• c. Transfers of one ounce or less of marijuana without remuneration [without payment] to a person who is twenty-one years of age or older. 
  • d. Consumption of marijuana, provided that nothing in this section shall permit consumption that is conducted openly or publically in a manner that endangers others.
  • e. Assisting another person who is twenty-one years of age or older in any of the acts described in paragraphs a-d of this subsection.

And in regard to what is next for local law enforcement in light of the passage of Amendment 64, Pueblo Chief of Police Luis Velez tells PULP that for the moment there will be no change in the policy of handling marijuana infractions in Pueblo and that the “Chiefs [of police in Colorado] Association is still awaiting direction from the Attorney General to be handed down.”  And although the final policies are not due to be in place until well into next year, Chief Velez further explained that some policies might begin to be enacted as early as this December or January of 2013.

One of the first regulations likely to be introduced, according to Chief Velez, will be one that sets a standard for measuring the legal limit of THC that can be in a driver’s system and policies for police officers who will have to handle a breadth of marijuana possession situations.  For example, an Arizonan traveling through Colorado to Kansas in possession of marijuana might be charged federally, while a resident of Conejos County traveling to Summit County, with a legal amount of marijuana might not be penalized.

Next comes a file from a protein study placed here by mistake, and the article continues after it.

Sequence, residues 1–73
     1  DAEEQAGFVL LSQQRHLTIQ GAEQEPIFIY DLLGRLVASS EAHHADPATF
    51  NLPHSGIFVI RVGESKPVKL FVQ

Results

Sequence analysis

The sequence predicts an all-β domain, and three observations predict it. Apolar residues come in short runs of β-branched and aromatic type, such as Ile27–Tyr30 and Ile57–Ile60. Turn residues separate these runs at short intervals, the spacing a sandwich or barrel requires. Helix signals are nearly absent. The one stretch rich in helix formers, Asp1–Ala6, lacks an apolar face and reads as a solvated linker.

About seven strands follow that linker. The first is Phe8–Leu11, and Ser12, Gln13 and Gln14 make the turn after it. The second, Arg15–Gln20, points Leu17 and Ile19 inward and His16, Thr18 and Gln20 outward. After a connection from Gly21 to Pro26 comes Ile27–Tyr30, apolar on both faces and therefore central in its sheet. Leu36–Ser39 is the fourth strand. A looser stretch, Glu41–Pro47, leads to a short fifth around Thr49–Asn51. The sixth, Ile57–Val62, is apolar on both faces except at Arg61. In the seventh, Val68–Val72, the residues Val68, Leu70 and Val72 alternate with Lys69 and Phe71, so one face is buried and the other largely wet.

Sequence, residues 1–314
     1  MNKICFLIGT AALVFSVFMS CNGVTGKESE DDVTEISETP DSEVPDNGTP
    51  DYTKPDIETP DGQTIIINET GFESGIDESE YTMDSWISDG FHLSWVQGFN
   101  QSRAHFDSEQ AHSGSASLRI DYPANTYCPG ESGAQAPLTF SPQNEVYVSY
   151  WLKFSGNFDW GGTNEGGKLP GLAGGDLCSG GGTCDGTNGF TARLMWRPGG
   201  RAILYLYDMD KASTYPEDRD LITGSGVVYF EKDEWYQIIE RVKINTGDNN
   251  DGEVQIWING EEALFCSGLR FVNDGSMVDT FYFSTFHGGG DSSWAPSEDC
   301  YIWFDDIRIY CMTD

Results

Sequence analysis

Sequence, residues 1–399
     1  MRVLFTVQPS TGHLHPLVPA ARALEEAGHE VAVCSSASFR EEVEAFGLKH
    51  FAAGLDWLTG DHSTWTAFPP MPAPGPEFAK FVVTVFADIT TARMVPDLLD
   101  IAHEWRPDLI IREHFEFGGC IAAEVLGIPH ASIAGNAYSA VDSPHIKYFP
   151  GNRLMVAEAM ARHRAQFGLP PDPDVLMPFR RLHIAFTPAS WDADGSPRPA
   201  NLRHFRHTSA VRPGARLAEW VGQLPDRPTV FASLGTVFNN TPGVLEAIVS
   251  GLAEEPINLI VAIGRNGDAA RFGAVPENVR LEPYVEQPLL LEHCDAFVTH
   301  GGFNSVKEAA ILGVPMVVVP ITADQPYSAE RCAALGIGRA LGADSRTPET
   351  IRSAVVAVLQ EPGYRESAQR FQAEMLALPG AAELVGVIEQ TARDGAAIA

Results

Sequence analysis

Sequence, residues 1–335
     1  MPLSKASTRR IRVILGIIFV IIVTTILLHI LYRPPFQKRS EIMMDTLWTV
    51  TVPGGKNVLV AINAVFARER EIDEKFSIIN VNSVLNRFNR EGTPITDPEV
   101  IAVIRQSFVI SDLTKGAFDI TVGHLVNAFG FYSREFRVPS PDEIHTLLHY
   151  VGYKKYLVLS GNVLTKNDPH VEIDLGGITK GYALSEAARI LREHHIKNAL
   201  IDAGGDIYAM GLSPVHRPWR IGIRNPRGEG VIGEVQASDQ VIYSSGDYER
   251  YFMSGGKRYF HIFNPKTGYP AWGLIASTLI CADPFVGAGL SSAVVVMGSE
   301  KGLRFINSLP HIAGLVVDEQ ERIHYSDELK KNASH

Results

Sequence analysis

Colorado Attorney General John Suthers recently stated, “Despite my strongly-held belief that the legalization of marijuana on a state level is a very bad public policy, voters can be assured that the Attorney General’s Office will move forward in assisting the pertinent executive branch agencies to implement this new provision in the Colorado Constitution.”

Below are highlights from regulations that must be in place by July 13, 2013 under Amendment 64: 

  • Qualifications for licensure that are directly and demonstrably related to the operation of a marijuana establishment.
  • Security requirements for marijuana establishments.
  • Requirements to prevent the sale or diversion of marijuana and marijuana products to persons under the age of twenty-one.
  • Labeling requirements for marijuana and marijuana products sold or distributed by a marijuana establishment.
  • Health and safety regulations and standards for the manufacture of marijuana and the cultivation of marijuana.
  • Restrictions on the advertising and display of marijuana and marijuana products. 
  • Civil penalties for the failure to comply with regulations made pursuant to this section.